Goodreads helps you keep track of books you want to read.
Start by marking “There There” as Want to Read:
There There
Enlarge cover
Rate this book
Clear rating
Open Preview

There There

4.47  ·  Rating details ·  362 Ratings  ·  118 Reviews
Fierce, angry, funny, heartbreaking—Tommy Orange’s first novel is a wondrous and shattering portrait of an America few of us have ever seen, and it introduces a brilliant new author at the start of a major career.

There There is a relentlessly paced multigenerational story about violence and recovery, memory and identity, and the beauty and despair woven into the history o
Hardcover, 304 pages
Published June 5th 2018 by Knopf
More Details... edit details

Friend Reviews

To see what your friends thought of this book, please sign up.

Reader Q&A

To ask other readers questions about There There, please sign up.
Popular Answered Questions
Ella McCrystle From the NYTimes:
Tommy Orange’s polyphonic debut novel, takes its title from Gertrude Stein’s cutting line about Oakland, Calif: “There is no there
From the NYTimes:
Tommy Orange’s polyphonic debut novel, takes its title from Gertrude Stein’s cutting line about Oakland, Calif: “There is no there there.”


For native people, Mr. Orange writes, cities and towns themselves represent the absence of a homeland — a lost world of “buried ancestral land, glass and concrete and wire and steel, unreturnable covered memory. There is no there there.”

I am near the end of the novel, and I've found even more that I think could be an answer in the book, but I'll leave the professional answer here instead of my rambling thoughts.(less)

Community Reviews

(showing 1-30)
Rating details
Sort: Default
Jessica Woodbury
Feb 07, 2018 rated it really liked it
In THERE THERE, Orange sets out his task from the beginning: he is going to write the stories of the urban Indian. These are not the stories of reservation life, they are not the stories of the old ways. These are the stories of conflict, of the search for identity, of struggle with poverty and addiction and loss, of family and community growing despite the concrete.

In these connected stories of Native Americans (Orange, like many Natives uses the term "Indian" throughout the book) living in Oa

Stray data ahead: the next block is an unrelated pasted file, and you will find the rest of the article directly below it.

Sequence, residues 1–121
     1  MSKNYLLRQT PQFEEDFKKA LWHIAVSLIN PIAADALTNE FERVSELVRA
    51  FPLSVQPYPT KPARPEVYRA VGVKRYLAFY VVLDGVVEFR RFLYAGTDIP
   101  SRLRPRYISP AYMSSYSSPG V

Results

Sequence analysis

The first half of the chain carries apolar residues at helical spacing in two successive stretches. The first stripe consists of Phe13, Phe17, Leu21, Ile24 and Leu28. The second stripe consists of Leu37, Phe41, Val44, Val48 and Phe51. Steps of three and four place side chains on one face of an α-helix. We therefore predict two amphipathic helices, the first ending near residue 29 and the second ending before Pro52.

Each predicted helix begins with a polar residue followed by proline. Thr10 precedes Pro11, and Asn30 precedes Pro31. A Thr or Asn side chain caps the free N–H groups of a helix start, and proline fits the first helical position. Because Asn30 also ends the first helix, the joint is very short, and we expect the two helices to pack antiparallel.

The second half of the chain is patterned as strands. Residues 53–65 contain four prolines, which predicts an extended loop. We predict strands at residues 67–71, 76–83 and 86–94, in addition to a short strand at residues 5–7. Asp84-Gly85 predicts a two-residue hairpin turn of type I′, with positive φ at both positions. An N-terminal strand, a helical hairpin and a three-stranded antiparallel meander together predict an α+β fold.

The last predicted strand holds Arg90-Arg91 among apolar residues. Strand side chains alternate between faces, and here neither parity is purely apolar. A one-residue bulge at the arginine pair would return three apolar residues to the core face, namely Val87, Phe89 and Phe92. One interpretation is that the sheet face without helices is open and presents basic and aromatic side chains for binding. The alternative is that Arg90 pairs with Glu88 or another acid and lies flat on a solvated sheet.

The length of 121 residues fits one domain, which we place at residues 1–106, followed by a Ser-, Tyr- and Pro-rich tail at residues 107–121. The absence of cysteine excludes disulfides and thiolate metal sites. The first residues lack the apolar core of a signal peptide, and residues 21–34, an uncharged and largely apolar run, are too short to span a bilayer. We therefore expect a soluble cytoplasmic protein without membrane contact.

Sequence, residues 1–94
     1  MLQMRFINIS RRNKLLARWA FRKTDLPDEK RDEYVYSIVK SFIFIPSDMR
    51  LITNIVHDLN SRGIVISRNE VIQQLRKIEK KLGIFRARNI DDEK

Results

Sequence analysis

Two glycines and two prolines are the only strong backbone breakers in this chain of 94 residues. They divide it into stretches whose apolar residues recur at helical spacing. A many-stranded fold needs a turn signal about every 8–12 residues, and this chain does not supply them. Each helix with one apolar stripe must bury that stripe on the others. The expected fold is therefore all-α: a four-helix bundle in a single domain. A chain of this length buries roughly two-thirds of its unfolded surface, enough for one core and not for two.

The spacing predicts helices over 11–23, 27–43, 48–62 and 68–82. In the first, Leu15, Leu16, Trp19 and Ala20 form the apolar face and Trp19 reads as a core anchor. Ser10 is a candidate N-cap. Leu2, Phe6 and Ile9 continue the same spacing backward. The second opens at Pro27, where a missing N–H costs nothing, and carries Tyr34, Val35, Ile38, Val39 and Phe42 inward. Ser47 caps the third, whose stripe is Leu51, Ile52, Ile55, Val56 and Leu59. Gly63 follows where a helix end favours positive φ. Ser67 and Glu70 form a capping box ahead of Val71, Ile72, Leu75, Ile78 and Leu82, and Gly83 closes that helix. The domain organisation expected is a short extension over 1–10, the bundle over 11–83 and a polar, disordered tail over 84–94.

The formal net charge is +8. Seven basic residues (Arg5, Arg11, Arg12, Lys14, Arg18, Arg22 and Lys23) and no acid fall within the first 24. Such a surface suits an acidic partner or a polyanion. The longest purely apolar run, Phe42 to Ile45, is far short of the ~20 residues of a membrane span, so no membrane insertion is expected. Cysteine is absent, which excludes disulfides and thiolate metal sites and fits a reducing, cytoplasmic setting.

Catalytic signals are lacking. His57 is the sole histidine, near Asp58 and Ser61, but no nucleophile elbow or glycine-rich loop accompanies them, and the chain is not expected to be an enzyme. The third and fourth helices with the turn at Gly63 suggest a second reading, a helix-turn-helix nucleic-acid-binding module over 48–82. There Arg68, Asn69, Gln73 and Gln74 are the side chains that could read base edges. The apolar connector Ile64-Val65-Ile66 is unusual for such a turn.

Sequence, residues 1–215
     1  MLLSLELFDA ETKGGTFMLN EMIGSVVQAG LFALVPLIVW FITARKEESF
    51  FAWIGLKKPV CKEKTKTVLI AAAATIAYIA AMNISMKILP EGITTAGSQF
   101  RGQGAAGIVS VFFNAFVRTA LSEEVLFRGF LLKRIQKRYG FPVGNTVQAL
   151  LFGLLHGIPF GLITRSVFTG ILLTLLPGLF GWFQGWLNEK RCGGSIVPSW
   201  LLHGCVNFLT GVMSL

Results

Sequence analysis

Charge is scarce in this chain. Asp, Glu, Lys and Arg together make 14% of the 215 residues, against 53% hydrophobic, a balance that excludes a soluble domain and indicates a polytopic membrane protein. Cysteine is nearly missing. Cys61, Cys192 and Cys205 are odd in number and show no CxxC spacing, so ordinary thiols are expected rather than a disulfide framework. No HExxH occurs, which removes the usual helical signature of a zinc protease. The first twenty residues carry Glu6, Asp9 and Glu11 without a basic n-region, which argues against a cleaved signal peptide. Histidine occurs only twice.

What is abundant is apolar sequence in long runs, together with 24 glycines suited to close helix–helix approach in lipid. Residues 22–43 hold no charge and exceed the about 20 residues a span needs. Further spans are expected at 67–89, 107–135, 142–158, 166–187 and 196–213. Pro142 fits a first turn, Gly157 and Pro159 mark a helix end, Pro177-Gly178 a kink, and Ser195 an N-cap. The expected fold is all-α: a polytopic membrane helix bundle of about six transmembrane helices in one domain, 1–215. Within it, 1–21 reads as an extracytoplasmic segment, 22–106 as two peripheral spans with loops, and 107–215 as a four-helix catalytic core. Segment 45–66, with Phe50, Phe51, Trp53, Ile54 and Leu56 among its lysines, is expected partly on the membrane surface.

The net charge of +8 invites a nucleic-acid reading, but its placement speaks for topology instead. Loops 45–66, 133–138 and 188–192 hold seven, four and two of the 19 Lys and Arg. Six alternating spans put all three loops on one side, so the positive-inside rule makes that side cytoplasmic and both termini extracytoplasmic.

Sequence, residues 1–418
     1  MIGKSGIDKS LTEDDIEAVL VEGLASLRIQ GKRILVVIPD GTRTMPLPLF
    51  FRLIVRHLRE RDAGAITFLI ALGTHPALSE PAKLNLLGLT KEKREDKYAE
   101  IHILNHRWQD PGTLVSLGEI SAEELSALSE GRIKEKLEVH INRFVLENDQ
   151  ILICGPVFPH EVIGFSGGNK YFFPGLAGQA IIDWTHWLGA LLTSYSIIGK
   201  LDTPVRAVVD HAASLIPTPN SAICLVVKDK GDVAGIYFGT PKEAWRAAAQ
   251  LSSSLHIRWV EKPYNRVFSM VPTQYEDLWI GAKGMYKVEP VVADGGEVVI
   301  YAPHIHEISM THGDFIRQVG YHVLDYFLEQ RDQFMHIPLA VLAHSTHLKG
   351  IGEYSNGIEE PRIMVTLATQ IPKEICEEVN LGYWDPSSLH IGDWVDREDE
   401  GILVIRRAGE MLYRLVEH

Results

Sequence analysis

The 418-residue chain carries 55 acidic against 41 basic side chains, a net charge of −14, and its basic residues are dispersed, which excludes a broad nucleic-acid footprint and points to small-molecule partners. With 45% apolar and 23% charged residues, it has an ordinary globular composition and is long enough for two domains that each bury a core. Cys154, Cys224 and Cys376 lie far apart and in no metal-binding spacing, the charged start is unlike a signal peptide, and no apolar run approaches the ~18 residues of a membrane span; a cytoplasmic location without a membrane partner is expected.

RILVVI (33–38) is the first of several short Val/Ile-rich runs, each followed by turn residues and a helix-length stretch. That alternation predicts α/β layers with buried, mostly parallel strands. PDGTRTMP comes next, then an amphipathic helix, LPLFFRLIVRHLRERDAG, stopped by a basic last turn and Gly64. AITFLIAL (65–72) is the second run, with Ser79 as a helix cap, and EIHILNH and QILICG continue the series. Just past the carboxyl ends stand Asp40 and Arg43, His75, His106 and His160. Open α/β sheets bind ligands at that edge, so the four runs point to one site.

Ron Charles
May 29, 2018 rated it really liked it
Toward the end of Tommy Orange’s devastating debut novel, a 4-year-old Native American boy keeps asking his grandma: “What are we? What are we?”

The boy has no way of knowing, but that’s a blood-soaked question that Western invaders have made Indians ask themselves for centuries. Exiled, dispersed, murdered, robbed, mocked, appropriated and erased, Native Americans have been forced to define themselves amid unrelenting assault. Their survival, their failure and their resilience in modern-day Amer
Jun 10, 2018 rated it it was amazing

If you haven’t heard of Tommy Orange yet, you soon will. This is one of those books that you're simultaneously dying to finish yet don't ever want to finish.

The story unfolds in short chapters and switching point of views. The powwow becomes the centerpiece of the story with the dozen or so characters eventually heading toward it. The characters and their storylines drew me in and made me care, though not all are likable. I grew attached to a lot of them (and sad to say goodbye when t
Apr 21, 2018 rated it it was amazing  ·  review of another edition

What does it mean to be a Native American—often invisible in the U.S. tapestry? Documentary filmmaker Dene Oxendene, one of a dozen characters whom we meet in this book, gives his take about the Gertrude Stein quote about Oakland (“There is no there there.”) Dene’s words: “This there there. He hadn’t read Gertrude Stein beyond the quote. But for Native people in this country, all over the Americas, it’s been developed over, buried ancestral land, glass and concrete and wire and steel, unreturnab
Michael Ferro
My full review will be published in the Michigan Quarterly Review in the coming months. I will post it here when it is up!